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It is lady beetle season here. There are dozens of the larvae in our garden, so we collected some up and have been watching them, and feeding them aphids and mealy bugs. The larvae moult several times, getting larger each time.

Lady beetle larvae

Lady beetle larvae

We weren’t sure what species they would be. We didn’t find any kind of overview with information about the species that are in NZ, which are both native and introduced. It is  especially difficult to find information about the larval stage.

After a couple of days, the first few larvae started to pupate. The pupa was a yellowy colour, later becoming much darker – almost black.

Pupating larvae on left, larvae on right

Pupating larvae on left, larvae on right

One evening, about a week later, the first beetle hatched. At this stage it was a pale cream colour.

Emerging from the pupa stage

Pupa after a beetle has emerged

Pupa after a beetle has emerged

chaos ladybeetle newly emergeDSC_2701

By the morning it had turned the classic red and had two black spots. So probably, we have Adalia punctata. We now have about 8 beetles, apparently all of the same species.

We have since found a little more information, including  this paper here. There is also information on the Coccinellidae family on Wikipedia.

The beetles don’t seem to be quite so keen on the mealy bugs, but are enthusiastic about the aphids.

Ladybeetle and aphids, on a rose bud

Ladybeetle and aphids, on a rose bud

And we now have several bright orange clusters of  lady beetle eggs. Quite a few clusters of eggs were laid, but also quite a few of those were eaten by the beetles themselves. Lady beetles are described as ‘voracious’ feeders, with some eating 1000 aphids in a life time.

chaos ladybeetle eggs DSC_2664

Cluster of lady beetle eggs

The whole life cycle was quite quick and we can recommend these as a species to try, if you would like to keep some insect pets.

Life cycle of the 2-spotted lady beetle. A, the adult beetle. B, group of eggs on under surface of a leaf. C, a young larval beetle covered with white wax. D, the full-grown larva. E, the pupa attached to a leaf by the discarded larval skin

Life cycle of the 2-spotted lady beetle. A, the adult beetle.
B, group of eggs on under surface of a leaf.
C, a young larval beetle covered with white wax.
D, the full-grown larva.
E, the pupa attached to a leaf by the discarded larval skin

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While out and about recently, we have been uploading a few photos of plants and animals that we have seen to a web site called ‘Project Noah‘ – the Noah stands for ‘networked organisms and habitat’. Backed by National Geographic, Project Noah is a citizen science project documenting the worlds organisms.

Opening screen for Project Noah

Opening screen for Project Noah

You can use an iPhone or Android app to upload a ‘spotting’ while you are out, or, you can use the web interface of a computer to upload photos. Videos can also be included, along with notes and links to further information on other sites (Encyclopaedia of Life, Wikipedia). You can even request help with identification of your find.

Screen for data entry

Screen for data entry

The ‘field guide’ mode shows you the species that other people have found nearby. Once you find something relevant, there is often a link to additional information. It is also possible to ‘follow’ other participants, and to make comments on other peoples spottings.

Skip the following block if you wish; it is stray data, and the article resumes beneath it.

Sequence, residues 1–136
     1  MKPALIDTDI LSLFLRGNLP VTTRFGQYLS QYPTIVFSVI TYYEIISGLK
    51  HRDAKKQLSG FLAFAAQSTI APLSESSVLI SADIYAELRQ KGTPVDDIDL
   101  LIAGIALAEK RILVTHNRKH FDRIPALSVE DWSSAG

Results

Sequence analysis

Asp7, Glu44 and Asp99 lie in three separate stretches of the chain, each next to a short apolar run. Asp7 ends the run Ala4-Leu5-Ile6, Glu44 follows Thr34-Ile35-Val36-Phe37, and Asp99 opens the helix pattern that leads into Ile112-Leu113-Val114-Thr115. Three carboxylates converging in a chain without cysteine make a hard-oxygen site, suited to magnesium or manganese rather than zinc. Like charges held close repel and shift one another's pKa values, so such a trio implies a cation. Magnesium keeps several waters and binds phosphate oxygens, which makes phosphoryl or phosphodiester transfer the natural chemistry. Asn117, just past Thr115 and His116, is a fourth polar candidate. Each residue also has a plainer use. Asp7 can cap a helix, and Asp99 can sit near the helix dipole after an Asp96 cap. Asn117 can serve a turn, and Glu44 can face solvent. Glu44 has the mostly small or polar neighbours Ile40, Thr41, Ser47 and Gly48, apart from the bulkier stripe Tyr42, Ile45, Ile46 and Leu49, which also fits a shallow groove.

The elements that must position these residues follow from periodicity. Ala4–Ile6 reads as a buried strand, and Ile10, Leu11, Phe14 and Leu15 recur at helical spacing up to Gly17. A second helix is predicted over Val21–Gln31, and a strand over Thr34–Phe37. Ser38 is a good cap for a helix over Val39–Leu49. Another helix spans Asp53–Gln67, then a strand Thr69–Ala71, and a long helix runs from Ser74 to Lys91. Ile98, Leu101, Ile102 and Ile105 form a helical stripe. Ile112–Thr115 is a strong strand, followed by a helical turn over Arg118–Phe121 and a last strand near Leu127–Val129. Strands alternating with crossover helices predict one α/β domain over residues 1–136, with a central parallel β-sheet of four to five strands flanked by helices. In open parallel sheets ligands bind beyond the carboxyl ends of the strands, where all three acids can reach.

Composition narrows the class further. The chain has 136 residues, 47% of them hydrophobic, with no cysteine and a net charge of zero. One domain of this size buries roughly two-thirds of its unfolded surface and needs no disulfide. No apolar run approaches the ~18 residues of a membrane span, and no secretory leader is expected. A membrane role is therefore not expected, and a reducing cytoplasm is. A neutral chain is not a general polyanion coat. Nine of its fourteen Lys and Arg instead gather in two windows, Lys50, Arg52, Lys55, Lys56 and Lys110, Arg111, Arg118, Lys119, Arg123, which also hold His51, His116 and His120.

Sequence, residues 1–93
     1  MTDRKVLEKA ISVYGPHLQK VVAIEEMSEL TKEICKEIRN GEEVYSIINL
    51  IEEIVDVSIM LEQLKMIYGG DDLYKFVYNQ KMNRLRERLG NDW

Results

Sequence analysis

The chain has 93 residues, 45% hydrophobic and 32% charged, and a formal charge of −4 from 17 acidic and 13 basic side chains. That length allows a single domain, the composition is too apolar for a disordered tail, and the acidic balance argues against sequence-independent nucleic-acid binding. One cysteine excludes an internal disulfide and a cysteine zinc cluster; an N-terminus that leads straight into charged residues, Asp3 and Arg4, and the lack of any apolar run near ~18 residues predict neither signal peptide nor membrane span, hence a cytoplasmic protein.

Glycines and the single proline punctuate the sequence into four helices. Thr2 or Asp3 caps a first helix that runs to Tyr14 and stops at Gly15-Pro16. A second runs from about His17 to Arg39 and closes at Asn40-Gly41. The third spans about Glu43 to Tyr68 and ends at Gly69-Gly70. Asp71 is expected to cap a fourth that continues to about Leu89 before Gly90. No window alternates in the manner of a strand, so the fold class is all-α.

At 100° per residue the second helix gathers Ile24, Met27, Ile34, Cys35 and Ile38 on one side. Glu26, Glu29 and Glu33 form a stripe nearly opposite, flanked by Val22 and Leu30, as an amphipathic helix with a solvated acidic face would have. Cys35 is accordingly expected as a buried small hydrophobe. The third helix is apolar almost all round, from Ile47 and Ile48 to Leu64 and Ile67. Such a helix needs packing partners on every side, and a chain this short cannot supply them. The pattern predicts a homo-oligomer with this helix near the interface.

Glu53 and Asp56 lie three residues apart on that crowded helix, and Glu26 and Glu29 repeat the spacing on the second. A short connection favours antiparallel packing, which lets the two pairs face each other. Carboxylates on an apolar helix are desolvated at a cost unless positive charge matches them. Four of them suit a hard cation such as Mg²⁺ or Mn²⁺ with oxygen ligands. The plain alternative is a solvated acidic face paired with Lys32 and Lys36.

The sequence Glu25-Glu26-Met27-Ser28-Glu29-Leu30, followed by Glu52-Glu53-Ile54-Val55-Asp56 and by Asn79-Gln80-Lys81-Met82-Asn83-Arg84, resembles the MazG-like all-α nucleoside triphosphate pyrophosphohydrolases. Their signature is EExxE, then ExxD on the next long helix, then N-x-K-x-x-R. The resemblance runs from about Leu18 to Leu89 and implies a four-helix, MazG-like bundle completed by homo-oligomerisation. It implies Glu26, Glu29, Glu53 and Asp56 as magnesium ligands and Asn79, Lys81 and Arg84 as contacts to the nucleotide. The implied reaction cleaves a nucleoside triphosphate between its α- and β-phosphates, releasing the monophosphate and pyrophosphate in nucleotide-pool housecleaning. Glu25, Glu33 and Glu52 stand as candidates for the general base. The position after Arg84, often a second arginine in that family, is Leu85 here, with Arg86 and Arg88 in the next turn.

Some of the arthropod species recorded nearby

Some of the arthropod species recorded nearby

Part of the goal of the app is to enable people to contribute sightings that are of particular interest to researchers. This ‘citizen science’ aspect is supported by the ability to assign photos to any relevant ‘missions’. Some of these are location based (e.g. Biodiversity of the Galapagos), while others are more focused on a particular taxonomic group (e.g. Monarch Migration). And what’s more, anyone can download the data for a mission.

Something we have found frustrating is that it is apparently not possible to search all the missions. Only some missions appear on the list you can look through. We have only discovered some of the most relevant missions to where we are (Christchurch, New Zealand) by noticing a mission link on someone else’s spotting.

You can also create your own missions, although we have been reluctant to start a new one until we can determine what is already underway nearby. This would be a great tool for a BioBlitz project.

Some of the current missions current

Some of the current missions current

Nevertheless, we are enjoying the challenge to find and document more species while we are out and about. Here is our favourite find so far – an Australian leafroller tachinid fly, introduced to NZ for biocontrol of some apple moth pest species (although we are not entirely confident that we have the correct identification).

Sighting for Project Noah 'Flies!' mission

Sighting for Project Noah ‘Flies!’ mission

The youngest and most eagle-eyed of us spotted a jumping spider making a meal of a fly. The fly had landed in the middle of a window pane and spider grabbed it. An impressive feat.

Jumping Spider with Fly - side view

This spider has six eyes. The pair at the front move in tandem and give the spider 3D vision for approaching and catching prey.

Jumping Spider with Fly - looking forward

Jumping Spider with Fly - looking up

The next day, the dried husk of the fly was on the window ledge and the spider was back patrolling the windows.